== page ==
President needs change of heart to protect national monuments
Grand Wash, in the Grand Canyon-Parashant National Monument. Photo (c) Kim Crumbo.
Late in his administration, Bill Clinton attempted to build a conservation legacy worthy of Teddy Roosevelt by designating more than a dozen national monuments across the West.
George W. Bush tried to undo that legacy.
And President Barack Obama, to his dis-credit, has allowed the Bush-adopted, monument-undercutting status quo to remain, despite being the "hope-y, change-y" candidate in 2008.
But a little more background.
Teddy signed the Antiquities Act in 1906, which authorizes presidents to set aside federal land for the protection of “historic landmarks, historic and prehistoric structures,” as well as “other objects of historic or scientific interest.” Over the years, presidents from both parties have invoked the Antiquities Act more than a hundred times to protect some of the nation’s most iconic landscapes — including the Grand Canyon, the Grand Tetons, Death Valley and the lands in southwest Utah that would become Zion National Park.
Clinton's binge of Monument designation included two fantastic landscapes. One million acres of the rugged, red-rock landscape north of the Grand Canyon became the "Grand Canyon-Parashant National Monument" on Jan. 11, 2001. Six days later, President Clinton created the Upper Missouri River Breaks National Monument, 375,000 acres of wild Montana that looks relatively unchanged since the Lewis and Clark expedition passed through more than two centuries ago.
Bush on the whole didn't like national monuments, certainly not those protecting western landscapes. (Of the few he designated, most are remote islands or miles under water.)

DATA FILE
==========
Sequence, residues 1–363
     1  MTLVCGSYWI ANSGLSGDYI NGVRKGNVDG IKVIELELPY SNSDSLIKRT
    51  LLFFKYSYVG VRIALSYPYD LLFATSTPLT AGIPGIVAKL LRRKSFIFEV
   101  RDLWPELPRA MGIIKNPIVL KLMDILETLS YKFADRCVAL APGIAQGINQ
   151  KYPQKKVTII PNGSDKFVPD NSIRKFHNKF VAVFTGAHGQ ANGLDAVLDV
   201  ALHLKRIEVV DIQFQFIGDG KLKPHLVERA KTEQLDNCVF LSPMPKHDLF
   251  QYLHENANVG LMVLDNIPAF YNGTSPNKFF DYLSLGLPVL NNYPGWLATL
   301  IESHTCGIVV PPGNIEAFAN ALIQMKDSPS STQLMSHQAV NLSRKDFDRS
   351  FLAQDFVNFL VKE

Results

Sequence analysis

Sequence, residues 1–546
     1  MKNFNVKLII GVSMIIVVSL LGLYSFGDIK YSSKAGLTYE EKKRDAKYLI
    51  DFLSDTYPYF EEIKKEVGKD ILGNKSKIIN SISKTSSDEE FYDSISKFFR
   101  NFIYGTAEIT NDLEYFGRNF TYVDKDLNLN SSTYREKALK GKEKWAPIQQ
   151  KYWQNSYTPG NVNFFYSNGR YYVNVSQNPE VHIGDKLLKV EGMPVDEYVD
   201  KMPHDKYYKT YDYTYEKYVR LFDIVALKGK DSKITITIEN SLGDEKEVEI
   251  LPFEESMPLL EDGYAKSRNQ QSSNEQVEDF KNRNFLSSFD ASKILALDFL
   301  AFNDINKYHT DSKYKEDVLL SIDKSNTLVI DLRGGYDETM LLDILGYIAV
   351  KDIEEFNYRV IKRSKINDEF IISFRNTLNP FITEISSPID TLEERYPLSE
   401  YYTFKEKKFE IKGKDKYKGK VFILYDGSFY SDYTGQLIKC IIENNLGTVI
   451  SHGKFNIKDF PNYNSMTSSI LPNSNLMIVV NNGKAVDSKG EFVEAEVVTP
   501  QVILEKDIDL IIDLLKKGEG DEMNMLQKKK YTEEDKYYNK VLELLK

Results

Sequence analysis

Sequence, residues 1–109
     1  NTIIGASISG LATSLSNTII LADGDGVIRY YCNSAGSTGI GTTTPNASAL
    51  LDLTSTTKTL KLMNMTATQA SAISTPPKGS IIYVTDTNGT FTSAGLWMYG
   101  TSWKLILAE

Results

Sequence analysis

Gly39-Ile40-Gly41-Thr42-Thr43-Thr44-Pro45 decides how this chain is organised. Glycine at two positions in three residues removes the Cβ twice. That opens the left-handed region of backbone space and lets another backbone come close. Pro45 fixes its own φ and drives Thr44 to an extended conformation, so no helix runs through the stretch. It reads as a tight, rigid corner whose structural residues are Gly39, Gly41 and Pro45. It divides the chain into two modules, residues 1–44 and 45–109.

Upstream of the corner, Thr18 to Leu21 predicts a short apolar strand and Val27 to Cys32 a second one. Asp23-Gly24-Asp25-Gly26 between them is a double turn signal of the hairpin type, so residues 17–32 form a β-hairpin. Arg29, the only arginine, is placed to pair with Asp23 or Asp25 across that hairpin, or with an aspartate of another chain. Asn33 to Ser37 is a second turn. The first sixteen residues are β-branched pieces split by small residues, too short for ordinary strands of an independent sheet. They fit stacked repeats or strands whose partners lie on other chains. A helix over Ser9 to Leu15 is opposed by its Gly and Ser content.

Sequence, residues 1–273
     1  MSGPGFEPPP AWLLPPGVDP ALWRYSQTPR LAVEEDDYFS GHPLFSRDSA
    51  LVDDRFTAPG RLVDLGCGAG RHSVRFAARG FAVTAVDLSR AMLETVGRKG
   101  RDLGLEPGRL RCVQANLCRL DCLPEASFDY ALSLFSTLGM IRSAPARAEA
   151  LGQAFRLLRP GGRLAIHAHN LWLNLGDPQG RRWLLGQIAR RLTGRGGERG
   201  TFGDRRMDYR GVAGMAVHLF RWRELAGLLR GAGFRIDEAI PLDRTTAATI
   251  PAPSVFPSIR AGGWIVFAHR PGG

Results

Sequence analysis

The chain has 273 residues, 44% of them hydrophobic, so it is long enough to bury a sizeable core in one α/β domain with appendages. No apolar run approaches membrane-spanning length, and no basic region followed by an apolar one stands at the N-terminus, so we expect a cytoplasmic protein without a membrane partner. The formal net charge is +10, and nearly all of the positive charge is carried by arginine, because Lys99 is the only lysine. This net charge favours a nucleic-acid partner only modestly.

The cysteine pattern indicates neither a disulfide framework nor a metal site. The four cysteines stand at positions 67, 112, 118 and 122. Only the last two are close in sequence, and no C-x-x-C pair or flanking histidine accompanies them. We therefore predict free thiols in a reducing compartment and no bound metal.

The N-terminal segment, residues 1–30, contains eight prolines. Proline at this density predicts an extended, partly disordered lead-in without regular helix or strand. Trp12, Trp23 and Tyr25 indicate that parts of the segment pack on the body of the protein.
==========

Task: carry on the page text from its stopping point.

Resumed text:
Bush also had the opportunity to undo some of the protections in Clinton's monuments, because Bush got to write the plans for how the Grand Canyon-Parashant and Missouri River monuments would be managed. And he made sure the Interior Department did a purposefully crummy job writing those plans.
For example, Clinton's designation of the Missouri River Breaks NM required protecting that awesome landscape in part by banning vehicle travel "off road." To essentially gut this measure, Monument managers defined a "road" to include any vegetated depression on the ground that looked like a tire track. In short, if someone had driven over the ground in a spot in the last 20 years, it was a "road" where vehicle travel might continue. So much for rigorously protecting THAT monument.
At the Grand Canyon-Parashant, managers did something similar, declining to consider seriously protected large blocks of wildlands as a way to protect the monument's remote character, and OKing a spider-web of "roads" that included scores of little-used off-road vehicle trails, despite the fact that such "roads" threaten to cause damage to archeological sites and wildlife habitat in the monument.
President Obama, the "change" president, could have changed these wrong-headed Bush plans. He hasn't.
In the face of lawsuits from Earthjustice trying to overturn the Bush plans, Obama's lawyers are defending the Bush administration's Orwellian premise that a rut on the ground is a "road" in the Breaks, and the illegal, anti-wilderness bias of the Grand Canyon-Parashant plan.
Know hope? Sadly, little hope - or help - so far from this administration on these monuments.
For now, Earthjustice and the groups we represent (including The Wilderness Society) have to put their hope in the courts, not the President, to ensure these landscapes get the protection national monuments truly deserve.
Grand Canyon-Parashant National Monument
Photo credit: Scott Jones
Upper Missouri River Breaks National-Monument
Photo credit: BLM